ITF+ I honestly can’t remember. I believe I took it twice the first time I barely missed it and then about three weeks later, I took it again and passed, I think. For Network+, I came out of the gate just studying really hard and I took it two weeks after finishing the class and I failed that. I basically did the practice test again, just continually getting it down, did it again.

And two weeks later and I failed again and then continue to study, did it two weeks later and I passed it. I definitely jumped. I feel like I jumped the gun on that one because I just wanted to get it done and get it over with. And then it kind of sent me to feeling like I was never going to pass it So then when I went and did Security+, I gave myself a good month of studying and then when I went and took it, I passed it my first try, which a lot of people from talking, they said Security+ was the harder one.

00:07:56:01 

So I was just that letting myself really digest it and getting myself a good amount of time to study and it paid off and they’ve come in really handy. Just I mean, once you get into a job after the fact, it depends on what job you get. Like, my job is a lot more network side than security side.

And originally I wanted to – I thought security side was the cool part. Or the more interesting part. But we recently went through a event where I’m like, I don’t want anything to do with security.

What has been the biggest challenge you’ve had to face this past year (school or personal)?

So about a month ago, my plant – well it wasn’t even the plant. It was the whole company as a whole got hit with ransomware, and I believe I was the one.

I got a phone call about 1:30 the morning from somebody asking saying they lost control of their stuff and need me to, you know, log on and get it all fixed for him. And then they I was like, “Yeah, I can do that.” And then he’s like, “Oh, and I also got this note,” and I’m like, “What?”

00:09:06:09 

And they started to read it to me, and I was just like, I’m still half asleep. And I’m like, “Can you read that again?” And because I knew it was ransomware, but it’s kind of like I thought it was illusion. And he read it again. I was like, Okay, I need to make a phone call and called my I.T. director and woke him up.

And then that led to working basically at the plant for about 12 to 15 hours every single day, just working through that whole issue because I went, I basically woke up at 1:30 and was at work or left at two to go into the plant and just trying to maneuver how you, I guess, get rid of or fix a ransomware, which even I never expected within my first year of.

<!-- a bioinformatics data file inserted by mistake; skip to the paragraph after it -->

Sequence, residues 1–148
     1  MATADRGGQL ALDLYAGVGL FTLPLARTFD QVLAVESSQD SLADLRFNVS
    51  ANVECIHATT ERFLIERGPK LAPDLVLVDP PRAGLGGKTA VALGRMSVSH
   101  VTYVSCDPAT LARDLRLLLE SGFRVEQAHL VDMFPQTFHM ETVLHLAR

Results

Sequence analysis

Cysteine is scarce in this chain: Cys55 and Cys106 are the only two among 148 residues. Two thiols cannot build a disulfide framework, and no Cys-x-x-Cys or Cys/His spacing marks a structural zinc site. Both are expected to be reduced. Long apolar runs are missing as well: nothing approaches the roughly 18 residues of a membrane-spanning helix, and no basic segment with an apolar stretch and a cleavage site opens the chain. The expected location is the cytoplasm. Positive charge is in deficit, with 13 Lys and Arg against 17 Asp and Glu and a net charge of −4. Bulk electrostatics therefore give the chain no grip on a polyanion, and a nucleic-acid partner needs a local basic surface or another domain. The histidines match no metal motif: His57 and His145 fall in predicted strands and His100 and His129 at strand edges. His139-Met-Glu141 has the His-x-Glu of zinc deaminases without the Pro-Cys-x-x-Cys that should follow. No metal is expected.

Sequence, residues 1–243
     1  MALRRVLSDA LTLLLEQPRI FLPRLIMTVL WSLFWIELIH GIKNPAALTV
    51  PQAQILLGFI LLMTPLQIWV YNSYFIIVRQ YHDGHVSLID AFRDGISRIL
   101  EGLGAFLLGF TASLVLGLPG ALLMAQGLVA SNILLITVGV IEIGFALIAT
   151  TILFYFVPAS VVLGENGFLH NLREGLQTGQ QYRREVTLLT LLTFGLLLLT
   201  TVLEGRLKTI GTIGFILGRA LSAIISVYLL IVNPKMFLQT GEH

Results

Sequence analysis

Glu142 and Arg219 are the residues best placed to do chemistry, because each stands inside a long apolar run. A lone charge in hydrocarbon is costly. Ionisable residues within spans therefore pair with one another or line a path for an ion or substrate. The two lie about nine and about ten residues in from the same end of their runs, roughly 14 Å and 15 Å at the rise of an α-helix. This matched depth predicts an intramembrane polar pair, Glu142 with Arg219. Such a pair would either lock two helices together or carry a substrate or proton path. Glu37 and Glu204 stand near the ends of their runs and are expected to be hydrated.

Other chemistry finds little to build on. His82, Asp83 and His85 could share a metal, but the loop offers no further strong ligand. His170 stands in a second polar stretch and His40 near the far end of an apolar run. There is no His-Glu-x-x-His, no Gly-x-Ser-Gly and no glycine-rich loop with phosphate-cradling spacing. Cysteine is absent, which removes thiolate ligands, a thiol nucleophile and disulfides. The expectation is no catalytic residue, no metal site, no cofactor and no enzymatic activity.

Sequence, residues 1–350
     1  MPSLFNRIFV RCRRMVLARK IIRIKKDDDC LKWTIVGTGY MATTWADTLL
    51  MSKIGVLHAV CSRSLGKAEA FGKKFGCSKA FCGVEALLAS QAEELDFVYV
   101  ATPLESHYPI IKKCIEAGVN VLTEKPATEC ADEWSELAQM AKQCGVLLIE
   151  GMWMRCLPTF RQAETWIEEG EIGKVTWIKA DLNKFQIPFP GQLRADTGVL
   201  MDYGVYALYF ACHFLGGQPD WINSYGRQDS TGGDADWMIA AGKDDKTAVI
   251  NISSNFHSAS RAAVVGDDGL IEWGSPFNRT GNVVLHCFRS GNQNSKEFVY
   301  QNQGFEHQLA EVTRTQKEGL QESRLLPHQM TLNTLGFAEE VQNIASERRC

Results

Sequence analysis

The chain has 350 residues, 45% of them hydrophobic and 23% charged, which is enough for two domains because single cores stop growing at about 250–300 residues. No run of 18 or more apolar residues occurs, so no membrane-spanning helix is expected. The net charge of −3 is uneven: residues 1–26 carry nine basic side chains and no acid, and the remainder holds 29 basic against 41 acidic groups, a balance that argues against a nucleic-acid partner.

I honestly I never thought it would happen but once in the first year of just even still being in school and just being working of having to go through that event where I learned a lot and super fast. But that just goes to show how much I truly remembered or learned from the school, and the school and my experiences up and to the point where I haven’t even reached a year on the job like working.

00:10:30:14 

And I could just see how, how the like putting in the work and it coming to fruition to where I, I wasn’t nervous going through it. Like as soon as somebody told me to do something I went and did it and after the fact I thought about I’m like, oh my gosh, if I was back at right the first second or the first day of school and then thinking to now where I’ve had to deal with something like that, I would not know what to do at all.

“But that just goes to show how much I truly remembered or learned from the school, and the school and my experiences up and to the point where I haven’t even reached a year on the job…”

And it’s just thinking back like there’s a lot that I even wasn’t even a part of that. Now I wish I was just so I could understand it more because there’s people that have been in the business for 15, 20 years and they said, “You know, I’ve never had to do this before.” And then there is another guy who’s gone through it three times who was there, you know, helping me and then me being able to do it as fast as I was able to.

It’s just, it’s kind of, it feels crazy to me. Like I don’t even the people I was working with are saying, “Hey, you did a really good job.” Whereas at the time I was like, honestly not thinking I was doing that great. But then you think of how much – how many people don’t even overcome a ransomware attack? And to know that we did, it’s I know it’s pretty crazy in my opinion I guess.

00:11:54:14 

Did your experience at CIAT give you a foundation to help you decide which path of IT to go down?

Definitely. Me and my brother went for the Associate’s degree. We wanted to be more security-focused so I still had, you know, ITF+, which was basic hardware, network+. I got to learn the network side and Security+ you know, Intro to Security. And then I had my CCNA class, which I would still like to get my CCNA, cert.

I’m trying not to stress out over my certs now that I’m in a decent job and stuff and I know I can still get it until like more life kind of slows down a bit, but just knowing I have the ability to get it still. But then it went back, so I had the CCNA and then it went into more security classes.

So I had the basic networking that, you know, any job really requires if you want to go the network side and the same with the security side. For my Bachelor’s program, I’m trying to go more down the networking side just because that’s where my job is now and I’d like to keep building the knowledge in that side more since I’m actually in that job.

00:13:13:05 

So that’s why I kind of rotated from security to my Bachelor’s being more focused on networking.

What was your overall experience like at CIAT?

I think CIAT really helped me get my foot in the door because I mean, I’m very personable, like I can talk to people really well, but I I wouldn’t even have anything to do with technology if it wasn’t for the school.